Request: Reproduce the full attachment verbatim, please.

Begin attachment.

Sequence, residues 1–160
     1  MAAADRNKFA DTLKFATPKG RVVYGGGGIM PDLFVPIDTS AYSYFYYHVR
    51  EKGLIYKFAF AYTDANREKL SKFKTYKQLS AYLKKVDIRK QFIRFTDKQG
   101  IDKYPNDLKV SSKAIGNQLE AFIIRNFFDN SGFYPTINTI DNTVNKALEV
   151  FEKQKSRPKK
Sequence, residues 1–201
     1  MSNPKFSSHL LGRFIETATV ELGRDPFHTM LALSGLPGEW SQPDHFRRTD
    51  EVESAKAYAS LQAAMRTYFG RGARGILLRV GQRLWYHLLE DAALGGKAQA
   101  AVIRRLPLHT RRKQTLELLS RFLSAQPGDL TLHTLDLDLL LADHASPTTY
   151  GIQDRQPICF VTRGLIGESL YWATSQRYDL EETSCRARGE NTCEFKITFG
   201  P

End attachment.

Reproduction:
Sequence, residues 1–160
     1  MAAADRNKFA DTLKFATPKG RVVYGGGGIM PDLFVPIDTS AYSYFYYHVR
    51  EKGLIYKFAF AYTDANREKL SKFKTYKQLS AYLKKVDIRK QFIRFTDKQG
   101  IDKYPNDLKV SSKAIGNQLE AFIIRNFFDN SGFYPTINTI DNTVNKALEV
   151  FEKQKSRPKK
Sequence, residues 1–201
     1  MSNPKFSSHL LGRFIETATV ELGRDPFHTM LALSGLPGEW SQPDHFRRTD
    51  EVESAKAYAS LQAAMRTYFG RGARGILLRV GQRLWYHLLE DAALGGKAQA
   101  AVIRRLPLHT RRKQTLELLS RFLSAQPGDL TLHTLDLDLL LADHASPTTY
   151  GIQDRQPICF VTRGLIGESL YWATSQRYDL EETSCRARGE NTCEFKITFG
   201  P